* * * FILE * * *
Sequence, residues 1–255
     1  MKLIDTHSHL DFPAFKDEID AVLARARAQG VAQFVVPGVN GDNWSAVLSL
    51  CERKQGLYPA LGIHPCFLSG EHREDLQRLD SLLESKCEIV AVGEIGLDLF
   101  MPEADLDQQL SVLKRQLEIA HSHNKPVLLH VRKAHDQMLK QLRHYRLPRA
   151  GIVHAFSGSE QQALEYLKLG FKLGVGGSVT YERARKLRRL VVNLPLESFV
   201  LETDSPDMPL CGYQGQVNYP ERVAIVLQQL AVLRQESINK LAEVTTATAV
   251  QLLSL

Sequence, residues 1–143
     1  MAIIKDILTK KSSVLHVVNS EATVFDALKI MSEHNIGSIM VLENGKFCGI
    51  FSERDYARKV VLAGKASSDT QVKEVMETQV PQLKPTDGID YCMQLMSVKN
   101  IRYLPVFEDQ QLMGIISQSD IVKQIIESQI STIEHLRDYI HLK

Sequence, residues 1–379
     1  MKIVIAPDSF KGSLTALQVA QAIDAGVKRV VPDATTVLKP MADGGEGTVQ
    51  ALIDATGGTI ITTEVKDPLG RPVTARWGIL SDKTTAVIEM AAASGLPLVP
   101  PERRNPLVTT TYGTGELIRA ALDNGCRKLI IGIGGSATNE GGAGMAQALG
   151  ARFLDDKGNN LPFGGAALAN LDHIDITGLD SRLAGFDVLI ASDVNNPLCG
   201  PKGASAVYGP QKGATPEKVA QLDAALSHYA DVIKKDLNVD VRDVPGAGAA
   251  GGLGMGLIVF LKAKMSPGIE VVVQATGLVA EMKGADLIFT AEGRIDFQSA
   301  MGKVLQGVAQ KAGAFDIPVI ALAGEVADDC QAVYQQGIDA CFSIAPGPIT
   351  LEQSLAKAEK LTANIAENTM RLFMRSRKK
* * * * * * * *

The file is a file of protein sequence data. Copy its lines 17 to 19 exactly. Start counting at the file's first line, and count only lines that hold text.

   201  PKGASAVYGP QKGATPEKVA QLDAALSHYA DVIKKDLNVD VRDVPGAGAA
   251  GGLGMGLIVF LKAKMSPGIE VVVQATGLVA EMKGADLIFT AEGRIDFQSA
   301  MGKVLQGVAQ KAGAFDIPVI ALAGEVADDC QAVYQQGIDA CFSIAPGPIT